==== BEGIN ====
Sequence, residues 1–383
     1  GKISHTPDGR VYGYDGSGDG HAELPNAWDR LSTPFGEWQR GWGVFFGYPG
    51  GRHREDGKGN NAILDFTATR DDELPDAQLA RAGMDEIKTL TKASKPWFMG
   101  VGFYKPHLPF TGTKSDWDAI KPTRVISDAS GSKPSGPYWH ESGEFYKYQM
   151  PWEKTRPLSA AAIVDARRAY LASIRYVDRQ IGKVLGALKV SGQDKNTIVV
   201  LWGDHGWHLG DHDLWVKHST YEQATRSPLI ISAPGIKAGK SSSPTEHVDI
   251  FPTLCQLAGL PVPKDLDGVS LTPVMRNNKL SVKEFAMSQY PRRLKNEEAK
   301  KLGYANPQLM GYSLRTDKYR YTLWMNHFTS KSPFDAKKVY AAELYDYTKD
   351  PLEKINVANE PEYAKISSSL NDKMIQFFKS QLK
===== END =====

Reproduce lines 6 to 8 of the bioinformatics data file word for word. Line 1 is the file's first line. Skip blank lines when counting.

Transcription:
   201  LWGDHGWHLG DHDLWVKHST YEQATRSPLI ISAPGIKAGK SSSPTEHVDI
   251  FPTLCQLAGL PVPKDLDGVS LTPVMRNNKL SVKEFAMSQY PRRLKNEEAK
   301  KLGYANPQLM GYSLRTDKYR YTLWMNHFTS KSPFDAKKVY AAELYDYTKD